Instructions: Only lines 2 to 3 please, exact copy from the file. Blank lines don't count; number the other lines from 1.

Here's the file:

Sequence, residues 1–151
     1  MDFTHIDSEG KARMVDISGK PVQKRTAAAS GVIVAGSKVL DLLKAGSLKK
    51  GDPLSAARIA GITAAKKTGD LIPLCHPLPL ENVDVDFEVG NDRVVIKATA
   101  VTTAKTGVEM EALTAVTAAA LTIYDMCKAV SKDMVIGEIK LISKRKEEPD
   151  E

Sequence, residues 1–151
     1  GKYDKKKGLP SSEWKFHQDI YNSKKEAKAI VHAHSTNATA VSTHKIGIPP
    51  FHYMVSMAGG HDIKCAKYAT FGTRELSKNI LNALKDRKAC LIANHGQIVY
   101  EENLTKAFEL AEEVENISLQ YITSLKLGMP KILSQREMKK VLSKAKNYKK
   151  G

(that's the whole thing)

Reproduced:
     1  MDFTHIDSEG KARMVDISGK PVQKRTAAAS GVIVAGSKVL DLLKAGSLKK
    51  GDPLSAARIA GITAAKKTGD LIPLCHPLPL ENVDVDFEVG NDRVVIKATA